Iron (Fe) is an abundant protein cofactor required for the activity of a myriad of proteins and consequently is essential for numerous cellular functions ranging from DNA synthesis to respiration. Therefore, the cell must ensure that a sufficient supply of Fe is available to these Fe-dependent proteins but, at the same time, excess Fe in the cell, which can lead to cytotoxic reactions, must be avoided. Although our understanding of Fe homeostasis has benefited from over half a century of study in numerous organisms, the molecular details concerning intracellular Fe trafficking are lacking. The Merchant group has developed Chlamydomonas reinhardtii as a reference organism for studying Fe metabolism in the context of poor Fe nutrition. As it is estimated that roughly one-third of the world's population suffers from symptomatic Fe deficiency and multiple human diseases are caused by mis-regulation of Fe homeostasis, understanding these mechanisms is crucial. One under-characterized response is the recycling of Fe from dispensable proteins when extracellular Fe is unavailable. How this process is regulated at the molecular level is not known. The goal of this project is to identify the trafficking pathways of Fe within the cell during Fe-limitation and discover proteins responsible for accomplishing and regulating Fe recycling.
The specific aims of this project are three-fold. First, cells will be biochemically fractionated and distribution of Fe between Fe-utilizing and Fe-storage compartments in Fe-replete vs. -deficient conditions will be determined, especially in the context of carbon source utilization (respiration vs. photosynthesis). Second, reverse genetics will be employed to characterize the involvement of Fe-regulated genes predicted to be involved in Fe recycling. Characterization will be aided by determining the subcellular location of these proteins and how these genes are regulated by Fe. Third, a classical genetic screen will be implemented to discover novel components of Fe homeostasis that may not be regulated at the gene or mRNA level and, therefore, have escaped the notice of transcriptome studies.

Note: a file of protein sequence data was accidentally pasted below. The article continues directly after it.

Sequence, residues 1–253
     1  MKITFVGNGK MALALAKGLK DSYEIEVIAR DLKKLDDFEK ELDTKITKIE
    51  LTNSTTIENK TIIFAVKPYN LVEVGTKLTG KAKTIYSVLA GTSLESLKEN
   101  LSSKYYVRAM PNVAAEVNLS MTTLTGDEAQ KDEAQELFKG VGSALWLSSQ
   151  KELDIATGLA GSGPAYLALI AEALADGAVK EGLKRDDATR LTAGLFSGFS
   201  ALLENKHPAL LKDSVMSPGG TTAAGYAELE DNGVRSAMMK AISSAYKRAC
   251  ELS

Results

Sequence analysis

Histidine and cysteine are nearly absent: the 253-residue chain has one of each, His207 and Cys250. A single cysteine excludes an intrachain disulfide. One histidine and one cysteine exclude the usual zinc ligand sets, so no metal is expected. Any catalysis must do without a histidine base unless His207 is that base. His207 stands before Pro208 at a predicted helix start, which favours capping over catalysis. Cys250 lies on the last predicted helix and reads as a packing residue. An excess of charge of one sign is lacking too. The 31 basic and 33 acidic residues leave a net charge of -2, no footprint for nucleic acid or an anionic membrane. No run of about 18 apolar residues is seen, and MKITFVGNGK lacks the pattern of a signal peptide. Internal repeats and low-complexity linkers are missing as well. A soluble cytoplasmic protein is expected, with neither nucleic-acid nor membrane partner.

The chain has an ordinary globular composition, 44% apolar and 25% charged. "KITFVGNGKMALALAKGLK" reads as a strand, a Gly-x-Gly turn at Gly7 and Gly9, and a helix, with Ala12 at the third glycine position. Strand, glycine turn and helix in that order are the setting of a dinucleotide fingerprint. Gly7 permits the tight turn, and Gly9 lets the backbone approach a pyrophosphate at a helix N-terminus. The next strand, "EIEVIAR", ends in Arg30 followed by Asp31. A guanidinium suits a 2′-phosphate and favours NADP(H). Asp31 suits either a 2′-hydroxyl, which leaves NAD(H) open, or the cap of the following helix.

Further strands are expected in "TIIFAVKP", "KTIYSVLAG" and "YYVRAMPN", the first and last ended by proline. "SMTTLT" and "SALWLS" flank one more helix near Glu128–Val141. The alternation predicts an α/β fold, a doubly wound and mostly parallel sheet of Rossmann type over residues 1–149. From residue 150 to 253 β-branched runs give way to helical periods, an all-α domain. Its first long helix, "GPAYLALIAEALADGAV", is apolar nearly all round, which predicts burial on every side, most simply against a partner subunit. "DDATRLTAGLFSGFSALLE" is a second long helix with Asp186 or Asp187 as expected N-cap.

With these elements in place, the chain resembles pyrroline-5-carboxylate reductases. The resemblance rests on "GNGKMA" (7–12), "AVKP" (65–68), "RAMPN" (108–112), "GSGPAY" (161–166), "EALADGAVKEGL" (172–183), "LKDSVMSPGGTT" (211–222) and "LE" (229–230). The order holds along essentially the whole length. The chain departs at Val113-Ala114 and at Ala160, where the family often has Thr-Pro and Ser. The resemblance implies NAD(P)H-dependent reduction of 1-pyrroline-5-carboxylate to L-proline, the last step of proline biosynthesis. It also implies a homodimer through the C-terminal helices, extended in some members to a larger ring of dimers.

These aims were chosen to set a precedent for understanding the mechanism of regulated Fe trafficking in the cell, characterize genes known to be induced by Fe-limitation and discover novel genes involved in acclimating to Fe-limitation. In addition, this project has been designed to provide training with a wide-range of techniques and to gain expertise in working with a reference eukaryotic organism.
Marginal iron deficiency, which can be asymptomatic, is globally and ecologically prevalent and it increases susceptibility of all organisms, including humans, to additional stresses and infection. This project seeks to understand the mechanism of iron allocation to individual pathways and compartments in a situation of marginal deficiency and in so doing will illuminate the mechanisms underlying the impact of poor iron nutrition on human health.
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